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New report claims reception pupils are the ‘least school-ready’ for generations

A report from charity Nesta suggests that children starting reception will require additional support to make up for early years education lost as a result of the pandemic.

Children starting reception this term are expected to face the most challenging school start for generations, as new analysis from Nesta reveals that the average pupil in England missed more than a quarter of their early years education due to the pandemic.

In 2019, the average four-year old spent 25 hours a week at nursery - around three full days - in the year before they started school. The new analysis estimates that children starting reception this month will have only spent an average of 18 hours a week at nursery - just over two full days.

Louise Bazalgette, who leads projects aimed at improving school readiness for disadvantaged children said “With new reception classes starting this week, children are likely to need additional support to help them adjust to the school environment and catch up on some of the development they will have missed out on due to nursery closures”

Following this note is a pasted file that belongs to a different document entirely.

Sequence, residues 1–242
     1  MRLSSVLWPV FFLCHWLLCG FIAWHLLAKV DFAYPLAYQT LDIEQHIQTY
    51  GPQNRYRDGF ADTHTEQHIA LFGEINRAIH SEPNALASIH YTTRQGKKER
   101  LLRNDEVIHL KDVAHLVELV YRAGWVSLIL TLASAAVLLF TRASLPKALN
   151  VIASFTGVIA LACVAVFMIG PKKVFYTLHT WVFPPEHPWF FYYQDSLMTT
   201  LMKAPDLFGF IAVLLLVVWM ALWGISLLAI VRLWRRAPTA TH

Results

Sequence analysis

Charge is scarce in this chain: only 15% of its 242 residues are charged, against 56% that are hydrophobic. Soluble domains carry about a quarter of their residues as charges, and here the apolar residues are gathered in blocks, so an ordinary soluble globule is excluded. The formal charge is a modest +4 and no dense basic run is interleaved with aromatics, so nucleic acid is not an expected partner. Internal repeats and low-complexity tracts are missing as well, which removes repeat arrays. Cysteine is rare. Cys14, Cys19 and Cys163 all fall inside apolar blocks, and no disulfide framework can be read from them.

“Early years education is an incredibly important part of a child’s life, shaping educational and employment outcomes for decades to come. Nurseries and other forms of early years education including childminders provide much more than childcare, they offer essential opportunities for children to learn, play and socialise to develop skills that help them to get on in school. The Department for Education has provided catch up funding, but with only £80 per pupil it will be challenging to support the wide range of needs pupils may have in areas ranging from their social and emotional and physical development, to more academic areas like literacy and maths.”